BUCHAREST (Reuters) - Romania’s prime minister assured European leaders on Wednesday that his government was fully committed to democracy and the rule of law after drawing fire for suspending President Traian Basescu by a vote in parliament.
In the latest clash between the poor Balkan state’s two dominant political forces, premier Victor Ponta’s leftist Social Liberal Union (USL) wants to remove the conservative Basescu for good by a referendum the government has called for July 29.
Ponta’s government has accompanied the impeachment bid with a string of emergency decrees that have broadened its power but raised concerns that it may be skirting constitutional checks and balances and backsliding on obligations to democracy.
Following rebukes from the European Union, EU paymaster Germany and the United States, Ponta must convince fellow EU leaders he is respecting common principles or jeopardize an IMF aid deal designed to buttress an economy now in recession.
The dispute could mean a negative assessment later this month from EU officials who are monitoring Bucharest’s judicial system and anti-corruption efforts. Previous such EU reports have been cited before as grounds for keeping it and its Balkan neighbor Bulgaria out of the bloc’s passport-free travel area.
Both were allowed five years ago to join the union, but EU partners have remained wary of their democratic credentials and a culture of graft, two decades after communist rule ended.
Ponta travelled to Brussels on Wednesday for meetings on Thursday with European Commission President Jose Manuel Barroso and European Council President Herman Van Rompuy. Later on Wednesday, he was to meet the speaker of the EU parliament.
“I will restate my unswerving commitment to democracy and the rule of law,” Ponta said in a statement ahead of the visit.
“I will leave them in no doubt as to my determination to uphold the Romanian constitution and European values.”
At issue is how Ponta’s government has pursued the impeachment of Basescu, including making an abortive attempt to dismiss constitutional judges and replacing the national ombudsman with one of its own party loyalists - a move that effectively removed any means of countering emergency decrees.
The USL changed the rules on recall referendums, so that a simple majority of ballots cast, rather than of registered voters, would suffice to oust Basescu, a folksy former sea captain.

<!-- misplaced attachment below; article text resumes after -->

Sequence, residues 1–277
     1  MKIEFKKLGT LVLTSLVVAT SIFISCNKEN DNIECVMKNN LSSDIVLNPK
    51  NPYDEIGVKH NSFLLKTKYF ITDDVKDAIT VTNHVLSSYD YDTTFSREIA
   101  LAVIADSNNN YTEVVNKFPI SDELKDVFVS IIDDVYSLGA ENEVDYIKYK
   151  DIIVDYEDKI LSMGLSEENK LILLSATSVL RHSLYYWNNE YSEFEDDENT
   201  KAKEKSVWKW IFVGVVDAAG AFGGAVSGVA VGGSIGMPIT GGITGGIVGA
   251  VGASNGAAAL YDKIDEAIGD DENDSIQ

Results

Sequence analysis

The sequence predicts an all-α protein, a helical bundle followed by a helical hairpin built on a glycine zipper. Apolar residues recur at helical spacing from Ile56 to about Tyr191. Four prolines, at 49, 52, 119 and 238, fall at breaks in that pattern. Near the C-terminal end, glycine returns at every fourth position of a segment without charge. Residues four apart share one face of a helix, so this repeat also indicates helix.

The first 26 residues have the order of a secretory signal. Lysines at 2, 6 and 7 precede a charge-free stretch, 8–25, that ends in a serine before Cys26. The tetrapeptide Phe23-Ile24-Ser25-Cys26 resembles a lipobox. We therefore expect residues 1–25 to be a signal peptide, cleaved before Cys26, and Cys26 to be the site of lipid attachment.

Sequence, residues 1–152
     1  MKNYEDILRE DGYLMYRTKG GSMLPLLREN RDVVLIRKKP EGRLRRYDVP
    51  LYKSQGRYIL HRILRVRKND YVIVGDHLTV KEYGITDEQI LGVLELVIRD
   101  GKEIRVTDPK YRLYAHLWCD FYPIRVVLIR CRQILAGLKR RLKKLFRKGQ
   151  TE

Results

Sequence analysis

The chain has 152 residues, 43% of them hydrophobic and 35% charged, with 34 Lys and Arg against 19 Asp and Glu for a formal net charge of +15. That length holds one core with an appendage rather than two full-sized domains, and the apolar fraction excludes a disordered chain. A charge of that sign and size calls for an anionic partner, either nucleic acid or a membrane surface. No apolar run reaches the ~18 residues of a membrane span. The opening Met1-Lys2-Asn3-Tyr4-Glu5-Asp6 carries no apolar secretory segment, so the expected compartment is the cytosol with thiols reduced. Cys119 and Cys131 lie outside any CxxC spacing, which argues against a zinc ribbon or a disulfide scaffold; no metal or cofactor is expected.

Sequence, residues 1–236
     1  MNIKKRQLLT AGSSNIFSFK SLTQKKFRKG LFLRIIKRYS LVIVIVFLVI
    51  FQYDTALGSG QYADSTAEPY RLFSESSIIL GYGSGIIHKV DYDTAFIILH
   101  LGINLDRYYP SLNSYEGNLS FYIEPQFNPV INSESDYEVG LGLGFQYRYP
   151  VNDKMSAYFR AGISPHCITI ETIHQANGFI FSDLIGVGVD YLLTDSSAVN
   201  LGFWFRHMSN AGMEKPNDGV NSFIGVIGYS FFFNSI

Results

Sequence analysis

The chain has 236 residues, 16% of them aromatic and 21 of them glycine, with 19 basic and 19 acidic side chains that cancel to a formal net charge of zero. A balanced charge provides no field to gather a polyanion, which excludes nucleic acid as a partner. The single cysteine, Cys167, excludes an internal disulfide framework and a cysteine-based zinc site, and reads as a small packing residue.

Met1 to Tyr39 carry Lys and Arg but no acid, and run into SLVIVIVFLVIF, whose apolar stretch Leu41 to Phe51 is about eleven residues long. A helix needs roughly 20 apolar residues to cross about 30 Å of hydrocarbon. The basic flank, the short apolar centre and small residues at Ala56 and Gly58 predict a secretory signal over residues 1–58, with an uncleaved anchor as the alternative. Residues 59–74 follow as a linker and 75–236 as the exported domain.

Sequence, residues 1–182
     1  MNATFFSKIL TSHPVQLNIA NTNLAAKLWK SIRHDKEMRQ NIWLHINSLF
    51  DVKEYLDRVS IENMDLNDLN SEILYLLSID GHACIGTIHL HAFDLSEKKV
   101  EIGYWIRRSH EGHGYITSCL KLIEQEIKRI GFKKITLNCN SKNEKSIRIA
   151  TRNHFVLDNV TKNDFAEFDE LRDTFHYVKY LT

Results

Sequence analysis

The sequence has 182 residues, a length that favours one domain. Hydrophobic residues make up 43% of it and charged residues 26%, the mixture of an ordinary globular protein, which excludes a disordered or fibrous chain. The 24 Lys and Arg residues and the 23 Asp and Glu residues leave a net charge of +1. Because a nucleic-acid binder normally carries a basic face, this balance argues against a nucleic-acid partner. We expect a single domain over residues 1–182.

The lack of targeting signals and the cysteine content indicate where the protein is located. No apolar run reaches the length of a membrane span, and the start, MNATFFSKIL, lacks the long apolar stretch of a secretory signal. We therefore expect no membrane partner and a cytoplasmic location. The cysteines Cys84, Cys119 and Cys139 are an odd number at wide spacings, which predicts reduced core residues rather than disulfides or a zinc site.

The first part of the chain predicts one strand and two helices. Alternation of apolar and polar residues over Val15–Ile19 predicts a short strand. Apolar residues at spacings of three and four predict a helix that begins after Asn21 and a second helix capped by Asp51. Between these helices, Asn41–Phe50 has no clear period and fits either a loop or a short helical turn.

The constitutional court upheld the first part of that law on Tuesday but introduced a minimum 50-percent turnout threshold to validate a referendum - giving Basescu a fighting chance to survive, even if his supporters stay away from the ballot.
Ponta has called for an extraordinary session of parliament to bring the referendum laws into line with the court ruling.
That brought a cautious welcome from U.S. ambassador Mark Gitenstein, who warned that failure to do so would “knowingly provoke a very dangerous constitutional crisis”.
Ponta said his government’s actions were “fully constitutional, and in line with EU standards”.
He added: “I will listen intently to my EU counterparts, and if there is a convincing case that EU norms are being breached, which was never the intention, we will change course.”
The dispute is the latest clash between Basescu and his center-right allies versus the Socialists, reformed heirs of the Communist party once run by one of the Soviet bloc’s most unyielding dictators, Nikolai Ceaucescu.
Ponta’s camp insists Basescu has abused the constitutional powers of what they say is a mostly ceremonial post as head of state to favor his political allies.
Politicians close to Basescu say his adversaries are retaliating for the corruption conviction this year of former prime minister Adrian Nastase, a senior member of Ponta’s USL.
Last week, Basescu’s interim replacement as president - Crin Antonescu - appeared to suggest that a pardon for Nastase could not be ruled out if Basescu were removed and replaced. Basescu loyalists seized on that comment to argue that the USL was gunning for the president for purely partisan reasons.
Analysts say Ponta might rethink his drive to oust Basescu now the judges have ruled the referendum must reach a minimum turnout - and given the possibility that the constitutional court could also withhold its validation of any result.
In 2007, Basescu survived a similar impeachment referendum launched by the Socialists. But since then, he has faced wider public criticism, accused of failing to do his share to root out corruption. Years of painful austerity measures by previous right-of-center governments have also taken their toll, driving Basescu’s personal approval rating down to about 10 percent.
The USL did well at local elections held last month and is expected to be re-elected in a parliamentary vote in the autumn.
But Ponta is also under pressure. He has faced calls to resign since being accused of plagiarizing his doctoral thesis, while the saga of Nastase’s conviction was back in headlines that embarrassed the USL last month, when the former premier tried to kill himself before starting his jail sentence.
Additional reporting by Ioana Patran; Editing by Michael Winfrey and Alastair Macdonald